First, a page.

While I may never experience the harsh conditions that Jean Briggs experienced among the Eskimo tribe, there is great wisdom in acknowledging the emotional introspection of that journey, and the impact it had on her ability to effectively connect with the very people she was observing. As I look ahead to my own action research, particularly in ensuring access, excellence, and impact through mentoring, I want to be mindful of that balance of my own emotions and attachment to the student participants, and frame my life experience in that process in a way that creates trust among those that I will be working with. Only through doing so, will I be able to truly represent an accurate reflection of the impact of my research.

Rosaldo, R. (1993). Culture & Truth: The remaking of social analysis. Boston, MA: Beacon Press.

Briggs, J. (1970). Never in Anger: Portrait of an Eskimo Family. Cambridge, MA: Harvard University Press.

The Role of Emotions

“We were, we told ourselves, too close to the work” (Paris & Winn, 2014). I have told myself this many times in relation to my job. In my opinion, it is a hazard of being a teacher. It is difficult to find the balance between work and home. This probably has a great deal to do with why so many teachers burn out within the first five years. I don’t envision a researcher as having such problems. In the past I have typically thought of a researcher as one who is serious, precise, objective and disconnected. Prior to starting this program, I was trying to determine what I wanted to research. I had a difficult time because I felt I was overly passionate about the things I wanted to research, but on the other hand I did not want to research a subject that I was dispassionate about; I imagine that would become tedious. “We have not paid significant attention to these feelings, yet they persist and continue to shape our work” (Paris & Winn, 2014). When reading through research articles, it appears that the common approach to research is to be detached, in order to be objective.

In Renato Rosaldo’s book, Culture and Truth: The Remaking of Social Analysis, he discusses the difference “between the technical idiom of ethnography and the language of everyday life” (1994). Rosaldo gives multiple examples in his book of daily life being described in Ethnographic terms. Each time I feel as though the researcher in the example has no idea what they are talking about because all emotion has been taken out of play. It leaves the description sounding idiotic. One example Rosaldo gives is Horace Mann’s paper, “Nacirema”. I had read it in elementary school and I remember being a little disturbed and thinking Nacirema people were barbaric. When I found out it was actually about Americans I was shocked and thought it was the funniest thing I had ever heard. It became a joke to speak in such a manner.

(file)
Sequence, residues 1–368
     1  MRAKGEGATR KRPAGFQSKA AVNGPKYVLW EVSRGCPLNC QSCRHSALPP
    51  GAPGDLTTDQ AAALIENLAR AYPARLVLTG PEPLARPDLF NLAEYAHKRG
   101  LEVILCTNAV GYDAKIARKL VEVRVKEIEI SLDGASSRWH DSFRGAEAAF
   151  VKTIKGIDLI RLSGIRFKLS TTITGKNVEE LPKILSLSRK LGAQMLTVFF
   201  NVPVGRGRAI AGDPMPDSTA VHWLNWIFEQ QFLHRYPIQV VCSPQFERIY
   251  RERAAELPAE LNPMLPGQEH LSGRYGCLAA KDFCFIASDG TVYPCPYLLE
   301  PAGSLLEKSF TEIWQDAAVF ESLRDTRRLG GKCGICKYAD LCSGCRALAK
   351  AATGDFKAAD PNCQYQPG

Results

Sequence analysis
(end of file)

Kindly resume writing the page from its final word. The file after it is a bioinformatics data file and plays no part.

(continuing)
People are emotional; they have joy, grief, anger…etc. When emotion is taken out of the equation daily actions seem a little crazy. I understand that the purpose is to stay distanced, but people research with purpose. “I want to emphasis…research carried out by anyone is a political-historical process.(Lave, 2012) Regardless of whether one expects their research to have an impact, it does, in some aspect have an influence on society. As quoted by Lave, research is political. It goes back to knowing the community and how the research will impact them. Paris and Winn discuss how emotions are used to modify policies. “The fear of terrorist violence of ‘illegal aliens’ taking U.S. jobs, of prisoners using tax dollars…all help to justify expanding the punitive arm of the state” (Paris & Winn, 2014). My purpose in researching is to initiate change within my community. The keyword throughout these readings seems to be balance. One must be aware how their emotions, passions and desires affect them in order to keep bias from impacting the results of their research. However, it is our passions that drive us.  Additionally, remembering that the community you are studying is made up of people and that the purpose of the research is to create a better world for them. Once we lose sight of that, there is no point in continuing to research.


Lave, J. (2012). Changing practice. Mind, Culture, and Activity, 19(2), 156–171. doi:10.1080/10749039.2012.666317

Paris, D., & Winn, M. T. (2014). Humanizing Research (p. 277). Thousand Oaks, CA: Sage Publications Inc.

Rosaldo, R. (1994). Culture and truth: The remaking of social analysis (pp. 1–52). Boston, MA: Beacon Press.